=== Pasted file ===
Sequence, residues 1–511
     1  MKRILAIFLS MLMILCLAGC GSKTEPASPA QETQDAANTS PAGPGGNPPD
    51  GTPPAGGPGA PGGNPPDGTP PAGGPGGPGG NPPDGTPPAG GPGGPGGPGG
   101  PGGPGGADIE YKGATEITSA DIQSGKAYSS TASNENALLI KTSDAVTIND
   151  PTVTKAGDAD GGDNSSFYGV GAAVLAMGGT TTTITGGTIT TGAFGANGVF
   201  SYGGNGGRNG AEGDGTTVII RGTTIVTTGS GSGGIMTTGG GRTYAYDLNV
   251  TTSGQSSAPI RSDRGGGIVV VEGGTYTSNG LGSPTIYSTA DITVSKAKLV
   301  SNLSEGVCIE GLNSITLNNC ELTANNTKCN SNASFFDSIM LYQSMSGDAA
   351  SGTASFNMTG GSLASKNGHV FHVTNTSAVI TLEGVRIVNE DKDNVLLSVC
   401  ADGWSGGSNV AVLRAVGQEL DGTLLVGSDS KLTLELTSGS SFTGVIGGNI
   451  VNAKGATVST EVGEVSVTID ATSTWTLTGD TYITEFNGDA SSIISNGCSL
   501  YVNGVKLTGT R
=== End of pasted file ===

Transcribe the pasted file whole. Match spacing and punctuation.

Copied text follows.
Sequence, residues 1–511
     1  MKRILAIFLS MLMILCLAGC GSKTEPASPA QETQDAANTS PAGPGGNPPD
    51  GTPPAGGPGA PGGNPPDGTP PAGGPGGPGG NPPDGTPPAG GPGGPGGPGG
   101  PGGPGGADIE YKGATEITSA DIQSGKAYSS TASNENALLI KTSDAVTIND
   151  PTVTKAGDAD GGDNSSFYGV GAAVLAMGGT TTTITGGTIT TGAFGANGVF
   201  SYGGNGGRNG AEGDGTTVII RGTTIVTTGS GSGGIMTTGG GRTYAYDLNV
   251  TTSGQSSAPI RSDRGGGIVV VEGGTYTSNG LGSPTIYSTA DITVSKAKLV
   301  SNLSEGVCIE GLNSITLNNC ELTANNTKCN SNASFFDSIM LYQSMSGDAA
   351  SGTASFNMTG GSLASKNGHV FHVTNTSAVI TLEGVRIVNE DKDNVLLSVC
   401  ADGWSGGSNV AVLRAVGQEL DGTLLVGSDS KLTLELTSGS SFTGVIGGNI
   451  VNAKGATVST EVGEVSVTID ATSTWTLTGD TYITEFNGDA SSIISNGCSL
   501  YVNGVKLTGT R